Betta fish love these cute little moss balls for a bunch of reasons, but mainly because they can be rolled around, just like a toy or real ball. Betta can also nibble on them if they want to, rest on them, and hide around them. They are also a favorite of the ghost shrimp, an excellent candidate for a betta tank mate.

4. Java Fern & Java Moss

Live Java Fern and Java Moss Plants

from: SubstrateSource/AquaticArts

Scientific Names: Microsorum pteropus/Vesicularia dubyana
Placement: Mid-ground

Buy Java Ferns Buy Java Moss


Java ferns are capable of growing in a variety of environments and require little care (no fertilizer and low light) to do well in freshwater tanks. Additionally, java ferns don’t require soil or gravel, and can grow fully or partially submerged in tank water. Make sure to keep their rhizome exposed.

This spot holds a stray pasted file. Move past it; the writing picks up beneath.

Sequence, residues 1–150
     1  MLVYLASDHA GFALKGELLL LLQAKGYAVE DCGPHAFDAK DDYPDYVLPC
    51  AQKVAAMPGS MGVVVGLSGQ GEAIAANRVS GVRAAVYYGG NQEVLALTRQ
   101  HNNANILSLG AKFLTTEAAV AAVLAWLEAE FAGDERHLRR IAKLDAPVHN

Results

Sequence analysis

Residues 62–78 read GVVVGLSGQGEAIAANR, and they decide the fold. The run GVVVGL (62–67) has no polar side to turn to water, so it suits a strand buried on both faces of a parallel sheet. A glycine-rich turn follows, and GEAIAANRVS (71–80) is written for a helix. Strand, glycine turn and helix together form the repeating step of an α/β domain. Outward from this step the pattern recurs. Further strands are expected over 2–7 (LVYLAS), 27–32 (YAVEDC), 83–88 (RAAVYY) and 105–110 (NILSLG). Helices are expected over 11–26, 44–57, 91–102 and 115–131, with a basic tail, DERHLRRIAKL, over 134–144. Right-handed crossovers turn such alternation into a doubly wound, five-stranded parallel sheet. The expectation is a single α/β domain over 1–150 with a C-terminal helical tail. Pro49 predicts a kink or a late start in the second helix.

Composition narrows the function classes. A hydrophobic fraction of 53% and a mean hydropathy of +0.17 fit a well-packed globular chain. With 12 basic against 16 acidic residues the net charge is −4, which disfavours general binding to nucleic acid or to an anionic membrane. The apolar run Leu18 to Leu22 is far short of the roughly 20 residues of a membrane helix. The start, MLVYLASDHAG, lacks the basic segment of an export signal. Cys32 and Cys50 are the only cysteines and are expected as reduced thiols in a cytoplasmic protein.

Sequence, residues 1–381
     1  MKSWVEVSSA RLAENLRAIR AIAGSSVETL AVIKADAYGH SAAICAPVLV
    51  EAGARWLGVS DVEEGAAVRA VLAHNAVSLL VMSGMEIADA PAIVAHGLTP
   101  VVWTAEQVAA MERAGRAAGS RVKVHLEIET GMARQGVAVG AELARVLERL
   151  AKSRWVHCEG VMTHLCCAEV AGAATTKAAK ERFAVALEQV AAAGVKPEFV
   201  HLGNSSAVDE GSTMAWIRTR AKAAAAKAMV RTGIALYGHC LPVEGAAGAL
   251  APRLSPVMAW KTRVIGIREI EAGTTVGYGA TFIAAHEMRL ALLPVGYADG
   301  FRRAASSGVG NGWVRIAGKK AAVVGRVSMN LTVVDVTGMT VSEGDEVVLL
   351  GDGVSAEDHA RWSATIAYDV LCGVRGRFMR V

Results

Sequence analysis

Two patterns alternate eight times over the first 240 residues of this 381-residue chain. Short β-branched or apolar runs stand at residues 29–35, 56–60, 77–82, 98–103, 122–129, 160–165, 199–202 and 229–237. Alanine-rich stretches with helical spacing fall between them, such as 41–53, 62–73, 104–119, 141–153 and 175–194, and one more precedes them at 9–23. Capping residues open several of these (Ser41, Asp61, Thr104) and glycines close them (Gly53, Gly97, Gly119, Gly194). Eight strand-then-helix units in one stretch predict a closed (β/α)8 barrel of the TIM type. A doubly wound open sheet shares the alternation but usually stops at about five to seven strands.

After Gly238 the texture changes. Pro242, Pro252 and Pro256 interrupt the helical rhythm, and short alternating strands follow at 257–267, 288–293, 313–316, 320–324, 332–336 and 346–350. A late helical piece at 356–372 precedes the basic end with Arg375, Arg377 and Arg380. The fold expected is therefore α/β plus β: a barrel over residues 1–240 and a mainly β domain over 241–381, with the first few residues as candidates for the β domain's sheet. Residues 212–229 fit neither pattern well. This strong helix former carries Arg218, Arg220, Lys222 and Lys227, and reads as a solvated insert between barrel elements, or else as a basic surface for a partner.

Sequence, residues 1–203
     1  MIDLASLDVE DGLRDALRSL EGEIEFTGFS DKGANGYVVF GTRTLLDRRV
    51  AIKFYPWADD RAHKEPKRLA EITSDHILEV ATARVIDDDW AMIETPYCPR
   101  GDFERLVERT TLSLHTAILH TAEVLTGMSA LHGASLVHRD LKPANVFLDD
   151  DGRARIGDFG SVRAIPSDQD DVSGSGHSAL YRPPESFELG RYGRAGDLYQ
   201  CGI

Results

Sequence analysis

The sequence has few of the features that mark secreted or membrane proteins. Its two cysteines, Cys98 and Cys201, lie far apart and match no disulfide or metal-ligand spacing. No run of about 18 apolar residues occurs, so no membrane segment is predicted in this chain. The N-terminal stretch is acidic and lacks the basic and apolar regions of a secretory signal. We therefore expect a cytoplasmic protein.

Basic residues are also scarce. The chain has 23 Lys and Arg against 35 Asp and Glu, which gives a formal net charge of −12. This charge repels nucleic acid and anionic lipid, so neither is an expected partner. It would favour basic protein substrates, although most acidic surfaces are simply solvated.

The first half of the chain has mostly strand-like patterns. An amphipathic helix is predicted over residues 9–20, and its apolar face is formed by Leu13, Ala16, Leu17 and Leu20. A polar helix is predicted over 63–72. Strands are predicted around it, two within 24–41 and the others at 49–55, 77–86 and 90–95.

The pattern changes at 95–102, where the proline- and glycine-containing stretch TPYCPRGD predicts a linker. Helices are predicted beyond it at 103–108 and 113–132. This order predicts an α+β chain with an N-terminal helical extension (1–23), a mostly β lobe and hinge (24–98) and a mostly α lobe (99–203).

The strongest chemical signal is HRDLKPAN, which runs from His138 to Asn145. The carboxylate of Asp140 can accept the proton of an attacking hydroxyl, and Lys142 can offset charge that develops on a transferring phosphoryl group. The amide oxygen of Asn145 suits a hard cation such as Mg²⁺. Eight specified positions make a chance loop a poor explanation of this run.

Java moss, much like the ferns, are incredibly forgiving when it comes to light (low to moderate) and water temperatures in the tank. Your betta fish however is not and should be kept at a constant tropical temperature with limited temperature fluctuations.

Java moss makes great carpeting on rocks and driftwood, and are a fan favorite amongst aquarists for it’s realistic ecosystem look. Both plants are easy to propagate too. Juvenile java ferns detach from the parent plant and float around before eventually attaching itself to another area of the tank. Java moss only needs to be divided to start growing a new plant.

5. Anubias

Live Anubias Plant

from: SubstrateSource

Common Name: Anubias nana
Scientific name: Anubias barteri
Placement: Foreground

Buy Anubias